Anybody ever heard of "Professional Woodworker" branded tools?
Reason I ask is that I saw a virtually unused (or really well cleaned up) lathe
at a garage sale last Sunday that carried that brand. Figured the motor alone
was worth the asking price.
So now I own a lathe. Real basic. No creature comforts at all. Partial
disassembly to change speeds. Tool rest and tailstock held down with hex bolts
for which I don't have a big enough wrench. Well, Craftsman used to make pretty
Probably some Chiwanese import for which repair parts/accessories don't exist.
But, what the heck, it's only money.
Wichita, KS USA
I bought some of their clamps at a Homier sale about five or six years
ago. I don't find many tools to be completely useless, but they make
the worst clamps in the world. The ends of bar clamps were basically
pop riveted on. C-Clamps were not much better. When they say you can't
have too many clamps, they didn't know about these. They were
worthless. I unloaded the bar clamps at a garage sale and vowed never
to buy from them or Homier again. Now I have mostly Rockler pipe clamps
and am coveting some Besseys.
I hope that you have better luck with the lathe. Value is in what you
can make out of it. If it doesn't work out as a lathe and the motor can
later be used for something else, what the heck?
Tom Veatch wrote:
"Professional Woodworker" is a Homier brand tool. I have no experience
with the lathe but I have had a few of their tools with mixed results.
I have several of their mobile bases ($17) that work great. One base
has 0.02 miles on it. (HA!)
Most of their tools are lighter duty tham Harbor Freight but some are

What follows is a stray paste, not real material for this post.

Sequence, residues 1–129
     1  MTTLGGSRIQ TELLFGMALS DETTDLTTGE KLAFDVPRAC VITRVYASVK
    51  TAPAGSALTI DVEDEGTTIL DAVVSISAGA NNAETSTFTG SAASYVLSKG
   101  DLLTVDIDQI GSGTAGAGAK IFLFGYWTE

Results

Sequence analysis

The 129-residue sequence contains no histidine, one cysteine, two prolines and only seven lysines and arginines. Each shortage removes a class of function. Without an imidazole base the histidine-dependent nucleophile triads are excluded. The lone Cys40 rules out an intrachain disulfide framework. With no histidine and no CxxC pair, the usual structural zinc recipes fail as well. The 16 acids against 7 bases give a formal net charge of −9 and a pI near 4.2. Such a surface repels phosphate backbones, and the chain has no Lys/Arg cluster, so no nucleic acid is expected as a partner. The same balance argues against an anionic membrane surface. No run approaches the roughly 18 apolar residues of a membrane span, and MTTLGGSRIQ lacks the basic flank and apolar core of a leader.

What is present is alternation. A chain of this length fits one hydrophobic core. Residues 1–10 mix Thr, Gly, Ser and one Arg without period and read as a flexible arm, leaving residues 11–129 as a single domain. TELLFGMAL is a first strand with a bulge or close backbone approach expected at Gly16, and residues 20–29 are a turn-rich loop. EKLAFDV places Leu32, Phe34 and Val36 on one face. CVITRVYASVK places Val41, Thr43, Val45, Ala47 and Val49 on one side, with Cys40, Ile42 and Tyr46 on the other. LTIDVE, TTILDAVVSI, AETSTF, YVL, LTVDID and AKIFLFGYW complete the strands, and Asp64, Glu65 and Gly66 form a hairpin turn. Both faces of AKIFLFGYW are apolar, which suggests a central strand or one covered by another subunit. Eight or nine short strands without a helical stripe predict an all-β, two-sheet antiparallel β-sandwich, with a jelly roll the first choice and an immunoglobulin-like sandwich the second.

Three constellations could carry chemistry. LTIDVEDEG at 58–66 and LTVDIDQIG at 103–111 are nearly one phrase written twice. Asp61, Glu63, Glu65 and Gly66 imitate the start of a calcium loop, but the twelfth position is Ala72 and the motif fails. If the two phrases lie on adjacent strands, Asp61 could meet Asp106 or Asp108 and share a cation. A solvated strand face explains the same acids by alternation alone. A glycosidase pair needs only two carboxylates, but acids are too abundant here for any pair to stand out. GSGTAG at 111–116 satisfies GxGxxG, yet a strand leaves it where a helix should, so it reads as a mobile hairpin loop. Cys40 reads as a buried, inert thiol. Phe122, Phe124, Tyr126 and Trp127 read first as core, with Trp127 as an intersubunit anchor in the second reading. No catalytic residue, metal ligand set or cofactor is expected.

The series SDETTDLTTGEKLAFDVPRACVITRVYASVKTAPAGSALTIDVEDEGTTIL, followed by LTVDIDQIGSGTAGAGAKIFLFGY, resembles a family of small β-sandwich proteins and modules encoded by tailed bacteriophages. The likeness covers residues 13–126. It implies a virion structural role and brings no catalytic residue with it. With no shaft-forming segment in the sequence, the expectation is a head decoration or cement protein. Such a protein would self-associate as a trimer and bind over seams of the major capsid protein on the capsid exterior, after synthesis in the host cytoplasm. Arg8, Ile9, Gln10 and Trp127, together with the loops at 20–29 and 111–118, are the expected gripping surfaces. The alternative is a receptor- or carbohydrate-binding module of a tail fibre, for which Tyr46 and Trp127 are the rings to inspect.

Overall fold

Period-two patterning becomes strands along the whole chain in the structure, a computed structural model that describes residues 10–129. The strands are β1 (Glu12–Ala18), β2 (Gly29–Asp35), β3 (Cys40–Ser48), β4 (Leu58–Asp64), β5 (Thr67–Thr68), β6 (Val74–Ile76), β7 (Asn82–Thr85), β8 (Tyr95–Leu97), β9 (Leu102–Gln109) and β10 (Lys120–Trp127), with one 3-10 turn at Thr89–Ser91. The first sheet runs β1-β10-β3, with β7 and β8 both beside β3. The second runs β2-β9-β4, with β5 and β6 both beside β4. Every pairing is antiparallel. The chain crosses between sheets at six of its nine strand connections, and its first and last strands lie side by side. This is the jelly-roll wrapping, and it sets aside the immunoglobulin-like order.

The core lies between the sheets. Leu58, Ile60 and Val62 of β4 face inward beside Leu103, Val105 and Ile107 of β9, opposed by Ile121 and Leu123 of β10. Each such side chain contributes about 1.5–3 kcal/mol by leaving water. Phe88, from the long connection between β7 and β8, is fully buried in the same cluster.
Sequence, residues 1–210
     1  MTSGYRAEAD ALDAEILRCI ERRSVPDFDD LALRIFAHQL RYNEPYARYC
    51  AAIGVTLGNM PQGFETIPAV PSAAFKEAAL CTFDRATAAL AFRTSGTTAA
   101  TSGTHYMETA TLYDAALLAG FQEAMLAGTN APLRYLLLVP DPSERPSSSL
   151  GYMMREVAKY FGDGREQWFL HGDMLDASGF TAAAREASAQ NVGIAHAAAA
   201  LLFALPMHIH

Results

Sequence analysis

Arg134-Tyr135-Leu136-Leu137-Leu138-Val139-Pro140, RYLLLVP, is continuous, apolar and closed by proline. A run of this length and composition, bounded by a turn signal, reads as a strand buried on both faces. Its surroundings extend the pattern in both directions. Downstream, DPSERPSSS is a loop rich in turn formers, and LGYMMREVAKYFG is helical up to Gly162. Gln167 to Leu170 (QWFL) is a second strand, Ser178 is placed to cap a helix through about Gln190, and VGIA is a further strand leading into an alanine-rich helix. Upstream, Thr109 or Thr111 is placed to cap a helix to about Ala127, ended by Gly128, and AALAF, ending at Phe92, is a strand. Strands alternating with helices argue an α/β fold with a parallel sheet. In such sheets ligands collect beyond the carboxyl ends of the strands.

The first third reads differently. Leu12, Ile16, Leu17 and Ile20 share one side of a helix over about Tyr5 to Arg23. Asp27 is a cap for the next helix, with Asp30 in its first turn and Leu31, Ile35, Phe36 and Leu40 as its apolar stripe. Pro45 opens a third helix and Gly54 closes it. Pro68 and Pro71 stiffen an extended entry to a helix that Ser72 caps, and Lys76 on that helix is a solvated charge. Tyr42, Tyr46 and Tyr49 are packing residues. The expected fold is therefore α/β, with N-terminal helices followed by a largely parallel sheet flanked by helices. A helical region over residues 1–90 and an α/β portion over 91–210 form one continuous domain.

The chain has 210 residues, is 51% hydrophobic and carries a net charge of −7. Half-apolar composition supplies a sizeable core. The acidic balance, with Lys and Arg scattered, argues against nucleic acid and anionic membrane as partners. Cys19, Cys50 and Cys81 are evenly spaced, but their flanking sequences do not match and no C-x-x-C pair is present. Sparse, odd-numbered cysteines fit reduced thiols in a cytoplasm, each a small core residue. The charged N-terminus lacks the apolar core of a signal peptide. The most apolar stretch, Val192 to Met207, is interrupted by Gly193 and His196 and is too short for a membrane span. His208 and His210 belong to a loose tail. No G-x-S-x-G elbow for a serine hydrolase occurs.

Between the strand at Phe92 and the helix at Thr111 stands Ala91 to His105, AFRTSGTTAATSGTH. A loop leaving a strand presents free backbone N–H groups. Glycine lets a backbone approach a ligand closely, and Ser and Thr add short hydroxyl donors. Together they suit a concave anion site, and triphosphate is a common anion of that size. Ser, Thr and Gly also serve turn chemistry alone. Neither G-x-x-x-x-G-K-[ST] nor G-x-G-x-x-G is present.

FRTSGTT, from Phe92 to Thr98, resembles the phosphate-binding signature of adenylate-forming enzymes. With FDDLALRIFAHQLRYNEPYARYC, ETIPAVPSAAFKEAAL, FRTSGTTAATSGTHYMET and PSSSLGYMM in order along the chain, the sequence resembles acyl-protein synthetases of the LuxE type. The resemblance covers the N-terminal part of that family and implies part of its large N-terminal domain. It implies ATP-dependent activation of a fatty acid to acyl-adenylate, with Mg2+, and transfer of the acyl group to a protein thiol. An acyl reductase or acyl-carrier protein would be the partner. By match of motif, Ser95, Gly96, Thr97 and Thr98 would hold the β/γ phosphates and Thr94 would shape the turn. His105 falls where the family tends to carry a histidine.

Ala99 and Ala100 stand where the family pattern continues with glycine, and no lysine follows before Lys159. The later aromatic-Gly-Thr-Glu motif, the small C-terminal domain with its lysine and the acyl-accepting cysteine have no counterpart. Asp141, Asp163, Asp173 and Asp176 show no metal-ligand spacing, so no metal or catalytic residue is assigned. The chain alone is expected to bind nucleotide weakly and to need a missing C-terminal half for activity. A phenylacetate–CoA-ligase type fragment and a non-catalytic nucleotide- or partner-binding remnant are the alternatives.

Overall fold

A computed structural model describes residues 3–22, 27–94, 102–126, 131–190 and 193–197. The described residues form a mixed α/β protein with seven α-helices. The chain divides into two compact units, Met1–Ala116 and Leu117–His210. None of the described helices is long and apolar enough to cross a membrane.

diamond in the rough.
On Tue, 07 Dec 2004 10:23:20 -0700, email@example.com wrote:
Googled "Professional Woodworker" and from the results kinda figgered it was a
Homier product. And, in little bitty letters, there's a "Made in China". Don't
need any repairs, yet. But, since I've never owned a lathe before, I'll be
needing turning tools and possibly a faceplate, chuck, etc. Hopefully, it's a
standard screw thread I'm dealing with.
Can't make nothin' yet since my workshop is currently in one mell of a hess.
Started a project to expand the workshop building to make room for a
tractor/equipment shed and some additional workshop floor space.
Today is maybe the 4th day since we opened the foundation in mid October that it
hasn't been raining or snowing. The ground is so muddy and slick that walking
around is a real exercise in keeping your balance. Not to mention building up
your thigh muscles due to the 20# of clay firmly attached to each shoe. My shoes
haven't been inside the house for over a month. But we did get the foundation
and equipment shed floor poured. The shop subfloor and DC ducting is in, wall
framing is almost complete and the roof trusses are on site. Expect delivery of
the cyclone later this week or first of next week.
Now if just won't rain before the ground dries enough to get a crane on site to
place the trusses (32' span is more than I want to try to raise by hand) we can
get the roof framed. We plan on stripping the siding off the adjoining wall on
the existing building this afternoon so we can complete framing the new walls.
This has to have been the wettest Autumn in Wichita history.
Wichita, KS USA
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